Atopic Eczema

Published Date : Nov 2023
Category : Chronic Diseases
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Atopic Eczema – The Allergist’s Guide to Optimize Care

Atopic Dermatitis: From Diagnosis to Treatment

Atopic Eczema (atopic dermatitis) is the most common chronic inflammatory skin disease. It causes inflammation, redness, and skin irritation. It is a common condition that generally begins in childhood; however, anyone is affected by the disease at any age. Atopic dermatitis is not a contagious disease, so it cannot spread from person to person. Skin with atopic dermatitis becomes extremely itchy. Additional redness, swelling, cracking, "weeping" clear fluid, crusting, and scaling result from scratching. There are periods when the disease is worse, known as flares, and times when the skin clears up completely, known as remissions. In developed countries, atopic eczema is seen in approximately 10% to 30% of children and 2% to 10% of adults as stated by NCBI. This chronic disorder allied with pruritus usually starts in infancy and presents with dry skin, eczematous lesions, and lichenification. It is supposed that Atopic dermatitis (AD) is associated with other IgE-associated disorders like allergic rhinitis, asthma, and food allergies. AD has substantial morbidity, and it appears that the prevalence of the disorder has been increasing over the past few decades.

The most common symptom of atopic eczema is itching. Other common atopic dermatitis eczema symptoms included are - red, dry patches of skin, rashes that ooze, weep clear fluid, or bleed when scratched as well as thickening and hardening of the skin. The atopic eczema symptoms show in multiple areas of the body at the same time and appear in the same locations and new locations. The appearance and location of the rash differ depending on age; however, the rash appears anywhere on the body. Patients with darker skin tones often experience darkening or lightening of the skin in areas of skin inflammation.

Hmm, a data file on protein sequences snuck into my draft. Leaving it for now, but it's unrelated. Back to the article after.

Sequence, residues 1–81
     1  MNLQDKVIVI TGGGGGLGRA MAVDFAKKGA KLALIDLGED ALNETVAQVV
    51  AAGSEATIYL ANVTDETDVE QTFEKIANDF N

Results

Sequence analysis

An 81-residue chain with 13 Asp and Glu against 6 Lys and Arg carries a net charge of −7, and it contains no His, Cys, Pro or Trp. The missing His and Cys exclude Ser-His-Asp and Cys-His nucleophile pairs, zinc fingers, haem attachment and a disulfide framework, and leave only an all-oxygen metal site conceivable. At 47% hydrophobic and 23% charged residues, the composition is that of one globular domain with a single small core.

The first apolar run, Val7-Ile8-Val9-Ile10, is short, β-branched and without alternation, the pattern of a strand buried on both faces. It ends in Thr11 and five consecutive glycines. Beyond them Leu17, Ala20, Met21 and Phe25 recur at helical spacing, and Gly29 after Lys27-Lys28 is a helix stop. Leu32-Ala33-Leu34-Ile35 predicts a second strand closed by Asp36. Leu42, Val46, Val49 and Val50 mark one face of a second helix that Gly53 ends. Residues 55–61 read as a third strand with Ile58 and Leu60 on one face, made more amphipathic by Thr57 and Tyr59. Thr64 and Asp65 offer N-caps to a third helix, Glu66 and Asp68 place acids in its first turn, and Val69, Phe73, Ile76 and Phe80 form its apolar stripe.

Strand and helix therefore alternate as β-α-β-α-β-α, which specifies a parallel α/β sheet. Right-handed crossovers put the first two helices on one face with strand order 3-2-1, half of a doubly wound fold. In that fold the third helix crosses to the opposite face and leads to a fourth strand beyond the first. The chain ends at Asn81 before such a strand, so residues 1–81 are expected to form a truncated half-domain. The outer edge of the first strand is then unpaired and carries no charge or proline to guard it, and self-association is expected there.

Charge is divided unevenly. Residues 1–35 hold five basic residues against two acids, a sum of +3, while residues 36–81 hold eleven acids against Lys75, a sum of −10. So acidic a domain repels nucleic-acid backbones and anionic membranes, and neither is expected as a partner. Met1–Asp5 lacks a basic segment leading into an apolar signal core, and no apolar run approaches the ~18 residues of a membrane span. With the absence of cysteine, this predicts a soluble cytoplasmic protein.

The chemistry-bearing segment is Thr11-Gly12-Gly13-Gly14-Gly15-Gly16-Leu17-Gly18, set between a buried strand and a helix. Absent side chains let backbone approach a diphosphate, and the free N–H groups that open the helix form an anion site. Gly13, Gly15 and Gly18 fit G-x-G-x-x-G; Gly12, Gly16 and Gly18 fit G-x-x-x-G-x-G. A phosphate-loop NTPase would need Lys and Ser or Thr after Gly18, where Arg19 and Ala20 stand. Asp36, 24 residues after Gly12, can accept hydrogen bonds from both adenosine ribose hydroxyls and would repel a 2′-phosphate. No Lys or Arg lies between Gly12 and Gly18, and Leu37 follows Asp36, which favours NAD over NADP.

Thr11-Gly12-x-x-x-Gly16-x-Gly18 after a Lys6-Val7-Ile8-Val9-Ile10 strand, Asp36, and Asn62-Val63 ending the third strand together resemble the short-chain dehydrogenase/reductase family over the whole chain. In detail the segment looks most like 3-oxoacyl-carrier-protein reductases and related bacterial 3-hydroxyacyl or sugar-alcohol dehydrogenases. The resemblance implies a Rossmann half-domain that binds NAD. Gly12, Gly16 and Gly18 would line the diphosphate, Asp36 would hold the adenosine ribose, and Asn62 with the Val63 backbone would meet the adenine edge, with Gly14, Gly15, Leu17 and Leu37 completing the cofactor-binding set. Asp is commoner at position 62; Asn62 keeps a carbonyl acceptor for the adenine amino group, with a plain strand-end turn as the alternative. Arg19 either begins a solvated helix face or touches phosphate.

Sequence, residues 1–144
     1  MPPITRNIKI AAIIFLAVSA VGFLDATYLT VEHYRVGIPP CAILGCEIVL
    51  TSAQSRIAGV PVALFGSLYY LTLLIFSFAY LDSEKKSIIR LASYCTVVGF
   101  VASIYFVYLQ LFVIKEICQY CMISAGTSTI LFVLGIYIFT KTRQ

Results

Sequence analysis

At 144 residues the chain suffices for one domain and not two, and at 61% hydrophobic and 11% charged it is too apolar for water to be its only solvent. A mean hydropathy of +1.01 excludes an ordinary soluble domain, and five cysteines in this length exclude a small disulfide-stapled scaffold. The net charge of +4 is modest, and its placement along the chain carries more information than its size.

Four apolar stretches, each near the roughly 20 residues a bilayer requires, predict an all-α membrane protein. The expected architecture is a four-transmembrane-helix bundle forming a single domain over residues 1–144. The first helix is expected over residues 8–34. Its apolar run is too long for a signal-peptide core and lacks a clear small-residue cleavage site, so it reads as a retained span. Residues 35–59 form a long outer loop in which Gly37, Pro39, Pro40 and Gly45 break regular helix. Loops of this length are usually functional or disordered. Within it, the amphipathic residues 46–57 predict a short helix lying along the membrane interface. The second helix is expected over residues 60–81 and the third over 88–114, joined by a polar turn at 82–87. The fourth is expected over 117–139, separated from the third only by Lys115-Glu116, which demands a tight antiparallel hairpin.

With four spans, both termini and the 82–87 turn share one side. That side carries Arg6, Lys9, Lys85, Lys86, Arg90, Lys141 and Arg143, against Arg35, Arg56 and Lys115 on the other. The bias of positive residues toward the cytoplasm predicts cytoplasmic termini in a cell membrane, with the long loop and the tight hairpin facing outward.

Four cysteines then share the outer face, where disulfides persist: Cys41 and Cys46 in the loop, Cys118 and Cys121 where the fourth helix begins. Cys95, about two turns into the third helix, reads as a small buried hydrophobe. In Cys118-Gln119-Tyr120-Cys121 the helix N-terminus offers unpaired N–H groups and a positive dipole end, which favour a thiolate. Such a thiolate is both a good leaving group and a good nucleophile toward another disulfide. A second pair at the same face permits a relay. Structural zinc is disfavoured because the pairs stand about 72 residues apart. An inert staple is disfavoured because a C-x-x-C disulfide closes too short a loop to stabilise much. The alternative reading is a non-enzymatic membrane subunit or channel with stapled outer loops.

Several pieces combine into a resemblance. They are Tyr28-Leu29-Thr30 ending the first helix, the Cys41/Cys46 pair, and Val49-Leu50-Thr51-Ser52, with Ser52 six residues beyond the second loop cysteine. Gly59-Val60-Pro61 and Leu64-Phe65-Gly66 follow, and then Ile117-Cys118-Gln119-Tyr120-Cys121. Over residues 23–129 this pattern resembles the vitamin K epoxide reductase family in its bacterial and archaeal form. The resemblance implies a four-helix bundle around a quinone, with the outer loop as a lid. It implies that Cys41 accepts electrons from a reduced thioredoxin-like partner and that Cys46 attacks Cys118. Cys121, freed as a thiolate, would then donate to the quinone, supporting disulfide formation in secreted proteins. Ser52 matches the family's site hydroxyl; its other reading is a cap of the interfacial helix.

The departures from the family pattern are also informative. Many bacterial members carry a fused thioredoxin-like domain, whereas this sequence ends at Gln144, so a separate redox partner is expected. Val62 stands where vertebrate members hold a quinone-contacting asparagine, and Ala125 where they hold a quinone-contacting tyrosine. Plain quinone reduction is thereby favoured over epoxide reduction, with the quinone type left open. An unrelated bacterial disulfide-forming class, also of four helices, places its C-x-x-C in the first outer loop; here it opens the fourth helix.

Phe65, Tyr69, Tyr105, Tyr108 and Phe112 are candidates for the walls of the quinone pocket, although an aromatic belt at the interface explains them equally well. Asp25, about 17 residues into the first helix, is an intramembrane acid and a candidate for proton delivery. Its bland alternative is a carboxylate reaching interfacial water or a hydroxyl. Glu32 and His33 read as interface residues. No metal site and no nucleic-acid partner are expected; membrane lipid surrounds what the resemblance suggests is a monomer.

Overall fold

No one knows what the atopic dermatitis causes are. However, researchers know that variations in the protective layer of the skin cause it to lose moisture. Researchers found that the following contribute to the changes in the skin barrier, which helps control moisture changes (mutations) in genes, problems with the immune system, and exposure to certain things in the environment like exposure to tobacco smoke, and certain types of air pollutants. If there is a family history of atopic dermatitis, hay fever, or asthma then, the chance of developing atopic dermatitis atopy is higher. It is more common in non-Hispanic black children and women and girls tend to develop the disease slightly more than men and boys do.

According to NCBI, in developed countries, atopic dermatitis is seen in approximately 10% to 30% of children and 2% to 10% of adults. This incidence has increased two to three times in recent decades. Atopic eczema has a higher incidence at higher latitudes, which is linked to decreased sun exposure and lower humidity levels. Atopic dermatitis is divided into three divisions based on the age of onset: